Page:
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Prepaid debit cards are popular with some parents because such cards provide the experience of paying with plastic without actually borrowing money and without the chance of overdrafting. Prepaid debit cards are touted as valuable aids in teaching teenagers about money management. However, the recent…
Prepaid debit cards are popular with some parents because such cards provide the experience of paying with plastic without actually borrowing money and without the chance of overdrafting. Prepaid debit cards are touted as valuable aids in teaching teenagers about money management. However, the recent furor over some celebrity-endorsed prepaid debit cards has many re-examining their role.
Advantages of prepaid debit cards
Prepaid debit cards do come equipped with some advantages. Parents can easily load a teen’s allowance onto the debit card. Most prepaid debit cards also include a direct deposit option, so a paycheck from a part-time job can be deposited to the card. Some prepaid debit cards even encourage savings.
Prepaid debit cards are easy to use because they are emblazoned with credit card company logos, and they are therefore accepted everywhere credit cards are. Teenagers can learn how to manage small amounts of money before they start handling larger amounts. Encourage your teens to track their spending so that they know how much is left on the card and so that they can develop good habits early on.
Disadvantages of prepaid debit cards
The biggest downside to prepaid debit card usage is all of the fees. Some cards charge more fees than others, but some common fees charged include:
In some cases, card users may pay anywhere between $30 and $100 a year on fees—just to access their own money. You need to think about what kind of financial lesson you are teaching your child if you use a fee-ridden prepaid debit card as a money management tool.
Learning money management lessons
There are a few prepaid debit cards with much lower fees, and some prepaid debit cards have no fees at all. Teach your child a valuable lesson by having him or her help you comparison shop to look for the best deal. You will save money in fees and your teenager will participate in an important financial exercise.
You may want to start your search at your local bank or credit union. It might have a prepaid debit card geared toward teenage customers, or you can help your child open a checking account and a savings account instead. Depending on state law and the bank in question, you can probably open a joint account with your teenager. In some cases, your teenager might even be able to get a debit card in his or her name (more likely if your child is at least 16).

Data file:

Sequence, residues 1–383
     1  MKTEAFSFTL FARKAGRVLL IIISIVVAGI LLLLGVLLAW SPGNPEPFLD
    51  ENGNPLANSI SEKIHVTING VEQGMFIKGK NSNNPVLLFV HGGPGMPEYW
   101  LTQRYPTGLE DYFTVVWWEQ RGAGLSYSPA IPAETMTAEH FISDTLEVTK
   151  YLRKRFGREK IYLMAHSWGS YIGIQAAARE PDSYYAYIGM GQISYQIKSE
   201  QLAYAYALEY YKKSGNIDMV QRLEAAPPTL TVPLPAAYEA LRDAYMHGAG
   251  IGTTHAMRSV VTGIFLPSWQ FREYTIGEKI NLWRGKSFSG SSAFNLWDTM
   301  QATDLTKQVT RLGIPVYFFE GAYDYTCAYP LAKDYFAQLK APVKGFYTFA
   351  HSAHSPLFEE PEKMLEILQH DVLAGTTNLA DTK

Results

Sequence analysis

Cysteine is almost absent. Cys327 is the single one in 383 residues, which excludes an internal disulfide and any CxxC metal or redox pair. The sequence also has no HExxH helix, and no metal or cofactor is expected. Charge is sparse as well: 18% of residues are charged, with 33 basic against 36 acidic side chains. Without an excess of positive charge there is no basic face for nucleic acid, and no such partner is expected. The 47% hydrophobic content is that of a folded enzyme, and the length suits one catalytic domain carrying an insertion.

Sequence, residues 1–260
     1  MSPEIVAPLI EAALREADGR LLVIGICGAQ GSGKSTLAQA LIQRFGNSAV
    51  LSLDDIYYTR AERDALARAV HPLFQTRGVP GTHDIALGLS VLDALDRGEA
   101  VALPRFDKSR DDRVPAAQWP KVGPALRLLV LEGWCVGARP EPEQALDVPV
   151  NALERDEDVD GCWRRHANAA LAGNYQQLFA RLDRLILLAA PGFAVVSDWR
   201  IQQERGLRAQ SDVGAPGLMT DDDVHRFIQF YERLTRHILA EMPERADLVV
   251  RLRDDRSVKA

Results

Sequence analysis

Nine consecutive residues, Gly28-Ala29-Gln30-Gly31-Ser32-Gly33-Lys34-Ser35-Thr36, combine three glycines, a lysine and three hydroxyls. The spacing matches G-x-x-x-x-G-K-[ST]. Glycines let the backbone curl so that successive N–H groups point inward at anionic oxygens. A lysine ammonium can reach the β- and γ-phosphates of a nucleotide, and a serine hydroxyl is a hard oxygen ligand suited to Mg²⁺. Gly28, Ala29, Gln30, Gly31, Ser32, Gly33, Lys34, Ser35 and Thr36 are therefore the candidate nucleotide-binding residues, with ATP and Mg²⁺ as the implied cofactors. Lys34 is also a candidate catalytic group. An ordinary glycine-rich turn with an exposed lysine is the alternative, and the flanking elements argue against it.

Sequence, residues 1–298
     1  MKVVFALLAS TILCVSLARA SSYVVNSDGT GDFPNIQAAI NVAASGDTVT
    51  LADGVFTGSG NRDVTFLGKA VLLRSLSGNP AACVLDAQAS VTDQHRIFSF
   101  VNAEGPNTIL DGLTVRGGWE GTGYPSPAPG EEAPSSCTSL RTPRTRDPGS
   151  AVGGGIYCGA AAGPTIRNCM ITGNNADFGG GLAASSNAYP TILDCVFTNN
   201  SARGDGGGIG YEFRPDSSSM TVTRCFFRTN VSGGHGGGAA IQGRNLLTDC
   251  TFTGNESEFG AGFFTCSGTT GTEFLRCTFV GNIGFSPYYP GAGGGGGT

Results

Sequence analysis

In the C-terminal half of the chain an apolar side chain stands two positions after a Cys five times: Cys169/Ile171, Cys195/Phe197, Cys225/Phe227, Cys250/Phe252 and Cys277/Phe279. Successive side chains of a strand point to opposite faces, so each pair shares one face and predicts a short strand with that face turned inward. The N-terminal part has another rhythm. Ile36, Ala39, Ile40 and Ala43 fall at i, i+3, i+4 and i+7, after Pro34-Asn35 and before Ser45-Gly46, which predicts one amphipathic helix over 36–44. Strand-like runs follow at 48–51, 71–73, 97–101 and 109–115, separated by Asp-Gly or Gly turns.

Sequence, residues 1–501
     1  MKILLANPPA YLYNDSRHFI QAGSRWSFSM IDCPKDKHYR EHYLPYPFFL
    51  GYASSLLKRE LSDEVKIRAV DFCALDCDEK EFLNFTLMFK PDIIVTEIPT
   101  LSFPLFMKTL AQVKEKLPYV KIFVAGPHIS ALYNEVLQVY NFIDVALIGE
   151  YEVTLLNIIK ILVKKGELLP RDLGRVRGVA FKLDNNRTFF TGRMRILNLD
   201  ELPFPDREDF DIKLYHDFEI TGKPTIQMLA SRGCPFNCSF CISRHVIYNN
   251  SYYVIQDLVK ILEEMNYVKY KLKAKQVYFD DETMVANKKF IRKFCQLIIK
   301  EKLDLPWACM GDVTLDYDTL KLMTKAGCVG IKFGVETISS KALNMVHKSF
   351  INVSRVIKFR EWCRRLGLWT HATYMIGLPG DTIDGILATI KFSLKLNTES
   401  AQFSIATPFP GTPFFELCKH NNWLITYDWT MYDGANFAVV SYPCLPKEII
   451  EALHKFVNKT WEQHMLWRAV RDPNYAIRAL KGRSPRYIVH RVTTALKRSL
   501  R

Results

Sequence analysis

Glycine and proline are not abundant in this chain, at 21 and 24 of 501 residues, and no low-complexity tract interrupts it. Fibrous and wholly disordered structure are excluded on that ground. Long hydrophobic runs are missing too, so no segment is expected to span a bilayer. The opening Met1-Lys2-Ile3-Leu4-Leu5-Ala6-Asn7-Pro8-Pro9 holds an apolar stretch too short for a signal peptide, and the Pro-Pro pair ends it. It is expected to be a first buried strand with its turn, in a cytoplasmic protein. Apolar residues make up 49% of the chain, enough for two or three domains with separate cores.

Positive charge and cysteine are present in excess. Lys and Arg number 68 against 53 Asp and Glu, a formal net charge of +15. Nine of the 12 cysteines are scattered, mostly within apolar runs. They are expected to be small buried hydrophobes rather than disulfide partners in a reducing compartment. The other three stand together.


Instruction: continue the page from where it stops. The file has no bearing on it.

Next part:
If you are concerned about overdrafts, you now have the ability to opt out of standard overdraft services. If you do opt out, your teen will be unable to withdraw money from an ATM or complete a purchase, if there isn’t enough money in the shared account to cover the transaction. You can limit some of the ability to overspend while still providing your teen with the means to become used to using plastic as a payment method.
Keep tabs on your teen’s spending. Encourage him or her to track expenses, and regularly review the account statements. Set ground rules and enforce them. In the end, using a joint bank account to teach these lessons—especially since you have access to the account and can monitor it at all times—may be more effective in teaching real world money lessons than a prepaid debit card.
Miranda Marquit is a freelance journalist specializing in financial topics. Read more of her writing on Huffington Post, Wise Bread, AllBusiness, and at her website, Planting Money Seeds. Follow her on Twitter: @MMarquit
The information contained in this blog post is designed to generally educate and inform visitors to the Equifax Finance Blog. The blog posts do not give, and should not be assumed to provide, personalized tax, investment, real estate, legal, retirement, credit, personal financial, or other professional advice. Before making any financial decision, you should always consult with the appropriate professionals who can explain your options, rights, and legal responsibilities, and advise you on any tax, legal, credit, or business implications that may result from those decisions. The views and opinions expressed by the authors of blog posts are their own views and may not be the views or opinions of Equifax, Inc. and/or its affiliates.
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